[Correction: An early version of this article listed Megadeth's second guitarist as "Shawn Colver." This is incorrect; the guitarist is actually Chris Broderick. The review has been updated.]
There's really no other band in the world quite like Iron Maiden. With no real number-one hits or mainstream success in its almost 40-year history, the band has still managed to influence practically every rock band that exists and become one of the most enormous musical acts on the face of the Earth. A large part of this is due to Maiden's reputation as one of the greatest live shows you could ever witness. But this is St. Louis on a Sunday night and it's muggy outside. Can this show really live up that all that hype?
Does Bruce Dickinson have a gorgeous set of bangs?
Before we get to the spectacle that is Iron Maiden, let's deal with the touchy subject of the opener, Megadeth. For anyone used to your standard, never-ending metal shows, where five local bands are opening for four touring bands, it feels odd to arrive at a show and have the very first band of the night be someone as monstrous as Megadeth. The sun was still shining bright when founders Dave Mustaine and Dave Ellefson took the stage with those two other guys who probably don't get paid as much as they do.
Opening with a bang at Verizon Wireless Amphitheater, the band went straight into the classic "Hangar 18" and although it was an exciting song to got things rolling, something immediately seemed off. Was it the terribly thin and shrill mix? Was it that Chris Broderick's guitar was loud and clear while Mustaine's was buried? Was it that the band was more appropriately dressed for furniture shopping than a metal show? We'll get to the answer in a minute.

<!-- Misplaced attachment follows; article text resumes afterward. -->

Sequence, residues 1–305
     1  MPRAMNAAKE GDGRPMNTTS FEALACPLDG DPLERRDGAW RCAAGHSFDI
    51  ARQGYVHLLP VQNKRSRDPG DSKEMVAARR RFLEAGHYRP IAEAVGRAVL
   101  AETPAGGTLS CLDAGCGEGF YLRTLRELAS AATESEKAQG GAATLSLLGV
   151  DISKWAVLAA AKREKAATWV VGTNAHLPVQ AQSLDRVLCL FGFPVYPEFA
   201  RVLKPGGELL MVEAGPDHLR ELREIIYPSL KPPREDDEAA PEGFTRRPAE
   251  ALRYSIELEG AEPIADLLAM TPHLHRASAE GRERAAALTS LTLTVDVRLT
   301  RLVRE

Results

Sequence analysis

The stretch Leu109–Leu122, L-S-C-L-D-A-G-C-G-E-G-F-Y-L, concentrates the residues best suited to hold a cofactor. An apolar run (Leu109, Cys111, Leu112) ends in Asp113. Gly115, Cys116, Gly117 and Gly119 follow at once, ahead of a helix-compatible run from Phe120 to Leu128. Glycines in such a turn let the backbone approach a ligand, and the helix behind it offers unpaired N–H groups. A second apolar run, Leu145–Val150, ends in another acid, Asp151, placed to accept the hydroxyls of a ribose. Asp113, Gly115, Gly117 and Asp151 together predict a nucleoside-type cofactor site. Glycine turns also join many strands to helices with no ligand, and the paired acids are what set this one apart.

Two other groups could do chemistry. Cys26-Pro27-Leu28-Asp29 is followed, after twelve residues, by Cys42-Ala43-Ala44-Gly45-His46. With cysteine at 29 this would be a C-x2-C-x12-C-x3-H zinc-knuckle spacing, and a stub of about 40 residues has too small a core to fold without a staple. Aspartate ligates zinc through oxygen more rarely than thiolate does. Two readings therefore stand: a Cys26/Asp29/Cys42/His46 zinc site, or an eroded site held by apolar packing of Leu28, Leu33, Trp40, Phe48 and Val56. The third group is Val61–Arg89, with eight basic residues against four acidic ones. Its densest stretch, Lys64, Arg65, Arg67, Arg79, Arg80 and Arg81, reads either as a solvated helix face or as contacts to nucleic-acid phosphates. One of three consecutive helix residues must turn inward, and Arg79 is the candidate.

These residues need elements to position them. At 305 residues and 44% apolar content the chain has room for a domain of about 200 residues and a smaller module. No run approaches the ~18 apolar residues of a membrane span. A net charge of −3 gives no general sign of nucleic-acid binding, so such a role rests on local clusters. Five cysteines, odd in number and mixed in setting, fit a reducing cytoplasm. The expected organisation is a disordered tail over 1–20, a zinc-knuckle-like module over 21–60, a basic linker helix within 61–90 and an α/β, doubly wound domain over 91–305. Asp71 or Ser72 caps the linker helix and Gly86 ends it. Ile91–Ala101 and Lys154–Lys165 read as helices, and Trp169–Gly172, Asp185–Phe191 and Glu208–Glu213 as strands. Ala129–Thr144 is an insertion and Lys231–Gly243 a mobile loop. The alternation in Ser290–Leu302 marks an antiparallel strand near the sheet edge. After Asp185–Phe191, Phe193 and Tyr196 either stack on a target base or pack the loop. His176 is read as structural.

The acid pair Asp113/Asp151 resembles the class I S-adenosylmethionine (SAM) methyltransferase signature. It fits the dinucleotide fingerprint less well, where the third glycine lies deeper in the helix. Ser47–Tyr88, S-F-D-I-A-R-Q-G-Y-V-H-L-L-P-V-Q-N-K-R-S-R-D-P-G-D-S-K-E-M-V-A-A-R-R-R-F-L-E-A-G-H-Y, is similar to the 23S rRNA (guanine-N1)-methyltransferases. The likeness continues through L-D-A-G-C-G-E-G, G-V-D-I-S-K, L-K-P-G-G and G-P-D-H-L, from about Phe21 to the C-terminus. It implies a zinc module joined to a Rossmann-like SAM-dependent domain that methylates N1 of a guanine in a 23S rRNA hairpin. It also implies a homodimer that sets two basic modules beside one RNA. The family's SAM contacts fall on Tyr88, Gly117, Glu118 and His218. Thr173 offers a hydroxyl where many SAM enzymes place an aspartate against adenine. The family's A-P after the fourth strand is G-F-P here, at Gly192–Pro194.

Long gone are the days of Megadeth being fronted by a reckless, psychotic badass sneering in a black leather jacket, on the verge of blowing a fuse at any minute. Meet the new Dave Mustaine: He's a Republican and born again Christian. He wears that white puffy pirate shirt from that episode of Seinfeld. He looks like something that just got pulled out of a river. He looks like whichever one of the Housewives of California you wouldn't bang. I guess I'm glad you're sober Dave, but you sure were a lot cooler when you were all messed up.
Luckily, with the shortened opening slot, Mustaine didn't have too much extra time to talk about how Obama stages murders or how we live in "Nazi-America" or how much he loves his pet mini-horse or any of the other insane rants he has really (no, really) been making on stage in the recent past, and stuck to playing the hits. The band covered all the fan favorites including "Wake Up Dead," "Tornado of Souls" and "Sweating Bullets," a song that has truly stood the test of time by still sounding goofy as shit twenty years later. By some sort of miracle, "King Maker" was the only song played from the new album Supercollider, and the band spared us from hearing its new single which is so corny it could have been the B-side of Tom Cochrane's "Life is a Highway." "King Maker" also carried a strong anti-drug and anti-drinking message with flashing images of pot leaves and car crashes, because I guess Dave sees a correlation there. Is that something anyone here really wants to be beaten over the head with while trying to let loose at an Iron Maiden concert before they've got to get back to work in the morning?